As the deadline approaches to close the state’s troubled youth prison, the Legislature’s budget committee had no plans Wednesday to take up funding needed to expand a Dane County facility to better serve youth offenders, including those with mental health problems.
The expansion of the Mendota Mental Health Institute on Madison’s North Side is part of a juvenile justice overhaul lawmakers passed in 2018 that would close the Lincoln Hills/Copper Lake youth prison by July 2021 and replace it with smaller regional facilities run by counties and the state. In the state budget, Gov. Tony Evers and lawmakers provided $59 million for the expansion of Mendota, but use of the money needs the budget committee’s OK.
The state is proposing to roughly quadruple the size of Mendota’s Juvenile Treatment Center. The center, in operation since 1995, serves serious and violent juvenile offenders by combining the security of a traditional corrections institution with mental health services. The proposal would allow for the treatment of more boys at the site and, for the first time, girls.
Lawmakers on the Republican-controlled Joint Finance Committee are planning to consider two other pieces of the juvenile justice plan Wednesday: $111 million to create county-run, regional youth detention centers, and $73 million to create state-run facilities for more serious offenders.
Spokesmen for the two leaders of the committee, Rep. John Nygren, R-Marinette, and Sen. Alberta Darling, R-River Hills, didn’t respond to a request seeking comment.
An Evers spokeswoman declined to offer comment on Wednesday’s committee agenda, but referred to letters the administration has sent to the committee warning that a failure to approve the full $59 million for Mendota would force the Department of Health Services to come up with new plans for a smaller expansion. That would further delay a project that is already behind schedule and was not expected to be completed until some 14 months after Lincoln Hills/Copper Lake is slated to close.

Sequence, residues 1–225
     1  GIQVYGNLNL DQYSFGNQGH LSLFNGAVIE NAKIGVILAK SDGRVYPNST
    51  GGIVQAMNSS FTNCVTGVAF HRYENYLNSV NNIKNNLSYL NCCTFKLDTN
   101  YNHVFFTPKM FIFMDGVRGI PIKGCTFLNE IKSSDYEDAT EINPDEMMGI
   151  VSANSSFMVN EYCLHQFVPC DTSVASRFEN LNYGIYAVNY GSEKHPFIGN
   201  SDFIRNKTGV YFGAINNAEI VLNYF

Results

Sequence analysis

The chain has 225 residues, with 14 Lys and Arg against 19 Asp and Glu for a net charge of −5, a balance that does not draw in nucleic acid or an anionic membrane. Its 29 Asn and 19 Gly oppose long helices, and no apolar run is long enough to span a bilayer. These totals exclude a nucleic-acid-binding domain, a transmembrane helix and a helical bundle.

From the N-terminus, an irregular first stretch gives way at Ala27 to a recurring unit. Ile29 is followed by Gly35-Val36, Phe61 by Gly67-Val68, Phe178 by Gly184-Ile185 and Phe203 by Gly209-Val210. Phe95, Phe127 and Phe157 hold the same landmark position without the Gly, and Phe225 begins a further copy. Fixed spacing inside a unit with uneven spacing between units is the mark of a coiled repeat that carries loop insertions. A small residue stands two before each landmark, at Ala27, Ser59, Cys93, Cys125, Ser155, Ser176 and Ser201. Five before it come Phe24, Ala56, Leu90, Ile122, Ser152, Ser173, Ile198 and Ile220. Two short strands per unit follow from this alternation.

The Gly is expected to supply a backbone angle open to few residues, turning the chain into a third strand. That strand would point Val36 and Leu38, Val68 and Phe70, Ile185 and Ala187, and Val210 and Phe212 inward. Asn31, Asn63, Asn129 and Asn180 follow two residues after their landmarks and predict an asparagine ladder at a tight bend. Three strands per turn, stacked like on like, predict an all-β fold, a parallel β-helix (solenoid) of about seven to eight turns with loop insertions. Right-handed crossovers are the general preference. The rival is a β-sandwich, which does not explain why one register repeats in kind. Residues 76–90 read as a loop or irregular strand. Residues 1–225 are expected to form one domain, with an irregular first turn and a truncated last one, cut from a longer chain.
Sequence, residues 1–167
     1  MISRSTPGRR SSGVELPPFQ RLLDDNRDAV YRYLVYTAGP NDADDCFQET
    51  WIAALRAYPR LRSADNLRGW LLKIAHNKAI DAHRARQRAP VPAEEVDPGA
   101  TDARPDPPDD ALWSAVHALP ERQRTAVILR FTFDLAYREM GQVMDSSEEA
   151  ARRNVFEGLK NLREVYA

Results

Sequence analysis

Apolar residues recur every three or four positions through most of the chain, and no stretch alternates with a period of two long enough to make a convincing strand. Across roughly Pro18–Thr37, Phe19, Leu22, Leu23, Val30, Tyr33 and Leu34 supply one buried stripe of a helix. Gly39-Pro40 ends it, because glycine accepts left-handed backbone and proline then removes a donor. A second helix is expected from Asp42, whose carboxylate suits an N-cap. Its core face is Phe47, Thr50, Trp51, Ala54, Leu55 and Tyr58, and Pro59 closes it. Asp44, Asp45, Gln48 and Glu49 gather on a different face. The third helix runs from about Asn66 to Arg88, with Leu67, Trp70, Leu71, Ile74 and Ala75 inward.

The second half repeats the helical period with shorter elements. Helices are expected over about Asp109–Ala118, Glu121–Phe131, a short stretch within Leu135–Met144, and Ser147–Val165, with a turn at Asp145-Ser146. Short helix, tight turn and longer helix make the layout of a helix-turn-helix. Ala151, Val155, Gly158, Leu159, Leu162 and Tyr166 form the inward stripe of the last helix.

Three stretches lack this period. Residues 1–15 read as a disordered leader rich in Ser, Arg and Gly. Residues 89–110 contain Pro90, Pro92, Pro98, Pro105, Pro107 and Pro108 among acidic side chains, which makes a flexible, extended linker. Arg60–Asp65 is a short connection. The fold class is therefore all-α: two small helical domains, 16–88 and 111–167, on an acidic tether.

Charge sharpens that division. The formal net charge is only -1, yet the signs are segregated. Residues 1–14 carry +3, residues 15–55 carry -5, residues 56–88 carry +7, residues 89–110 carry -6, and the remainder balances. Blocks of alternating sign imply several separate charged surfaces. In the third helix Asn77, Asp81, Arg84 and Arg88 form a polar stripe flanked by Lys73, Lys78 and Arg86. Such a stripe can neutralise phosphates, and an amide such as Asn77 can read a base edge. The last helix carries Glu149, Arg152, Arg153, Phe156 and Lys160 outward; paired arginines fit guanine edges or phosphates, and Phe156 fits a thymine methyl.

Under a plan recommended by the Department of Corrections, the first county-run centers would be in Dane, Brown, Racine and Milwaukee counties and would provide between 111 and 125 beds all together. The most expensive proposal is from Brown County, which wants $41 million in grant funding, while the cheapest is in Dane County, which wants about $6 million to expand existing facilities. The DOC is recommending two state-run facilities be located in Milwaukee and Outagamie counties.
If lawmakers choose to approve the requests, they would need to identify additional funding sources. While the DOC wants $111 million for state-run facilities, only $80 million has been allocated. And while the state is requesting $73 million for two state-run facilities, the Legislature rejected Evers' request for $115 million to fund up to three state-run detention centers, although he managed to direct $22 million to the centers through the budget veto process.
Editor's note: This story was updated to more accurately explain what funding was made available for state-run detention centers through the state budget.